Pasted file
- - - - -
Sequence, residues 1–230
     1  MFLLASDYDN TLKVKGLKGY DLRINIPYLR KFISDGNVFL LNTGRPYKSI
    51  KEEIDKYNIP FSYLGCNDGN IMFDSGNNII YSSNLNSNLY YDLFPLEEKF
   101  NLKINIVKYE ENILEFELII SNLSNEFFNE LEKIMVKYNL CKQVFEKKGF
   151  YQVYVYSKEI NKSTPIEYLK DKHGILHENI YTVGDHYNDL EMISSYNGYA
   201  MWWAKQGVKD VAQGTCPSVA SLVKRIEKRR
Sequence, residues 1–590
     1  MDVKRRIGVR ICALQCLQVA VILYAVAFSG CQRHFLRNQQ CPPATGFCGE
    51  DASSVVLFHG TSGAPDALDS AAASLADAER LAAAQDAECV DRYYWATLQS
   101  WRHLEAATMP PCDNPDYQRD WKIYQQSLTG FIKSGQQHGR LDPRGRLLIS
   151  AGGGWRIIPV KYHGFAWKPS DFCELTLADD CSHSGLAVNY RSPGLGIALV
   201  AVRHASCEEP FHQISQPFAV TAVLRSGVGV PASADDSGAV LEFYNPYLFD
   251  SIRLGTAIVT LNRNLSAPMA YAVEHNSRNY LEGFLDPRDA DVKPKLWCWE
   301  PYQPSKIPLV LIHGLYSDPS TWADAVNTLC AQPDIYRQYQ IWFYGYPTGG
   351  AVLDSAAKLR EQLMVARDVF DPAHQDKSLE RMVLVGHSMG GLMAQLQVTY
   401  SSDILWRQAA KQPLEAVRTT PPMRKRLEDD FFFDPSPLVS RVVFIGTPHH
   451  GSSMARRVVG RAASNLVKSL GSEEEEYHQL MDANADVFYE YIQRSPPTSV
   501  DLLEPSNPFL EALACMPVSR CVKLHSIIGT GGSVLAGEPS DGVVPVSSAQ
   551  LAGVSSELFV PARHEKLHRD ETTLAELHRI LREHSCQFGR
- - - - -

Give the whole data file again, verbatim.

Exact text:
Sequence, residues 1–230
     1  MFLLASDYDN TLKVKGLKGY DLRINIPYLR KFISDGNVFL LNTGRPYKSI
    51  KEEIDKYNIP FSYLGCNDGN IMFDSGNNII YSSNLNSNLY YDLFPLEEKF
   101  NLKINIVKYE ENILEFELII SNLSNEFFNE LEKIMVKYNL CKQVFEKKGF
   151  YQVYVYSKEI NKSTPIEYLK DKHGILHENI YTVGDHYNDL EMISSYNGYA
   201  MWWAKQGVKD VAQGTCPSVA SLVKRIEKRR
Sequence, residues 1–590
     1  MDVKRRIGVR ICALQCLQVA VILYAVAFSG CQRHFLRNQQ CPPATGFCGE
    51  DASSVVLFHG TSGAPDALDS AAASLADAER LAAAQDAECV DRYYWATLQS
   101  WRHLEAATMP PCDNPDYQRD WKIYQQSLTG FIKSGQQHGR LDPRGRLLIS
   151  AGGGWRIIPV KYHGFAWKPS DFCELTLADD CSHSGLAVNY RSPGLGIALV
   201  AVRHASCEEP FHQISQPFAV TAVLRSGVGV PASADDSGAV LEFYNPYLFD
   251  SIRLGTAIVT LNRNLSAPMA YAVEHNSRNY LEGFLDPRDA DVKPKLWCWE
   301  PYQPSKIPLV LIHGLYSDPS TWADAVNTLC AQPDIYRQYQ IWFYGYPTGG
   351  AVLDSAAKLR EQLMVARDVF DPAHQDKSLE RMVLVGHSMG GLMAQLQVTY
   401  SSDILWRQAA KQPLEAVRTT PPMRKRLEDD FFFDPSPLVS RVVFIGTPHH
   451  GSSMARRVVG RAASNLVKSL GSEEEEYHQL MDANADVFYE YIQRSPPTSV
   501  DLLEPSNPFL EALACMPVSR CVKLHSIIGT GGSVLAGEPS DGVVPVSSAQ
   551  LAGVSSELFV PARHEKLHRD ETTLAELHRI LREHSCQFGR